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Teams reject Ferrari's proposals
Alan Baldwin | December 07, 2004 10:43 IST
Ferrari's Formula One rivals rejected a proposal by the world champions to limit testing and cut costs.
"The proposal of Ferrari is completely unacceptable," Renault boss Flavio Briatore said at a meeting of team principals in London.
Minardi's Australian owner Paul Stoddart described the proposals, faxed by Ferrari in the absence of any team representative at the meeting, as "a piss take".
Nine of the 10 teams, including Ferrari-powered Sauber, signed up for their own initiative at the season-ending race in Brazil in October that would halve testing during the season to 24 days.
Ferrari, fresh from winning their sixth constructors' championship in a row, refused to sign up for an agreement described by team boss Jean Todt at the time as a piece of paper to be thrown away.
The Italian team are resistant to any reduction in testing since they have their own tracks in Italy and a special relationship with tyre maker Bridgestone.
They have sometimes tested at three circuits at once and last month signed Spaniard Marc Gene from Williams as a second full-time test driver, an indication of their determination to do as much mileage as ever.
The Ferrari proposal suggested restricting testing during the season to 15,000 kilometres per team for car development, with the obligation to run at just one track in any given week.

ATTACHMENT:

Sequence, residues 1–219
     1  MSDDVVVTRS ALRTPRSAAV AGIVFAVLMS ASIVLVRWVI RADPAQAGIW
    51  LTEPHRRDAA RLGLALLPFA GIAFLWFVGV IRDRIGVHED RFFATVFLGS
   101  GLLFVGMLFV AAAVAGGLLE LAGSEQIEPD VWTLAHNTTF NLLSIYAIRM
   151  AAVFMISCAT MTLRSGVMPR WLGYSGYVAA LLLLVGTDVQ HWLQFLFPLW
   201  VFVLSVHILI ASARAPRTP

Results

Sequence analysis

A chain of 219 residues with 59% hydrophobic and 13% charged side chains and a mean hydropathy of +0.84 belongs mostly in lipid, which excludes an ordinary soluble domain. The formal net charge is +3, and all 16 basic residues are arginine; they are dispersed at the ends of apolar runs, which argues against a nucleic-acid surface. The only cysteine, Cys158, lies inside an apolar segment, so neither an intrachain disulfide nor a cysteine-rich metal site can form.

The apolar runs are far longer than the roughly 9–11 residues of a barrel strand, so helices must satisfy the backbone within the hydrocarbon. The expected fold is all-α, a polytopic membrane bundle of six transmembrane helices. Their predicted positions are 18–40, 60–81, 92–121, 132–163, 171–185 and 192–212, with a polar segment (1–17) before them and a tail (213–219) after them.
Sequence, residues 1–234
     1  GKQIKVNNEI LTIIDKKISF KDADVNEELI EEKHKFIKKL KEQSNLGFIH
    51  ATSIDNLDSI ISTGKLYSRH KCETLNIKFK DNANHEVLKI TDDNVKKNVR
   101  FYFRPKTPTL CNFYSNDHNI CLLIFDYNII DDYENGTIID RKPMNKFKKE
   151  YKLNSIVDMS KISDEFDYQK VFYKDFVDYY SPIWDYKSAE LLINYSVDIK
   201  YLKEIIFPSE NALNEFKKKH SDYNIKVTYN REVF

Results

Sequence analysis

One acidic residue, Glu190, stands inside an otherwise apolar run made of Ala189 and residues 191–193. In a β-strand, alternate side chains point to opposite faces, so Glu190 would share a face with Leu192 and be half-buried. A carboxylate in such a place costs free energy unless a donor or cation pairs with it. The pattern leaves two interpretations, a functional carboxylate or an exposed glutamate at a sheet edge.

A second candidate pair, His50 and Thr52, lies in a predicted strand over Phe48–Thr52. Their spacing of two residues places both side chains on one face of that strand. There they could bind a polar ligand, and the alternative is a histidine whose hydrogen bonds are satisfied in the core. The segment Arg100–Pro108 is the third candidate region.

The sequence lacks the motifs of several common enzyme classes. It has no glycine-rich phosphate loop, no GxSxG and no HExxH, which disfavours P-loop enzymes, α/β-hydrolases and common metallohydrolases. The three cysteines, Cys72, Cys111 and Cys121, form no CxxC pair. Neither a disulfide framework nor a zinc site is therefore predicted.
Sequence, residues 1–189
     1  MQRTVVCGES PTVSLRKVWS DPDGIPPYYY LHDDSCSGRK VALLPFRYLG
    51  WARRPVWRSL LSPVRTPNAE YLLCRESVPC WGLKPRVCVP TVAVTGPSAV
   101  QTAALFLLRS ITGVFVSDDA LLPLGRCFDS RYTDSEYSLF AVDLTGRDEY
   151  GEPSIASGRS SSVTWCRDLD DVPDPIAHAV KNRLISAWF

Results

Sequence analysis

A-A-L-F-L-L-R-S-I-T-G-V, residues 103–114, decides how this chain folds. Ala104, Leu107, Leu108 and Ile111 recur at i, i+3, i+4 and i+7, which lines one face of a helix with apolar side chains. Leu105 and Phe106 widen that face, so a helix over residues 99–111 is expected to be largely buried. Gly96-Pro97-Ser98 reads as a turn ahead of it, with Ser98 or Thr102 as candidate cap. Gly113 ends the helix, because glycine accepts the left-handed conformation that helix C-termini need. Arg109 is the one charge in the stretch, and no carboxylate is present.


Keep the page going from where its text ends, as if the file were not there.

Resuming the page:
There would also be a limit of 15,000 km for each of the two tyre manufacturers.
The team pointed out that 24 days of testing with two cars on track for an average of 400 km per day would equate to 19,600 km.
French brand Michelin will supply seven of the 10 teams next year while Bridgestone have just Ferrari, Jordan and Minardi -- neither of the latter two doing much testing.
"We would get 2,142 km as Michelin team and Ferrari would get 15,000. I can't see that as particularly equitable," commented McLaren's Ron Dennis.
Ferrari say Michelin will be able to gather far more tyre data than them with seven teams at their disposal in testing.
They said on their website that their proposals were meant as a first step towards a more comprehensive plan to be drawn up in the next few weeks.
"We believe we must establish some sort of parity between the two tyre constructors...and above all, take into consideration their requirements regarding safety," said Todt in a question-and-answer sheet.
Asked what would happen if the other teams rejected Ferrari's proposals, he said: "It's very simple; we will all be free to test how and where we like."
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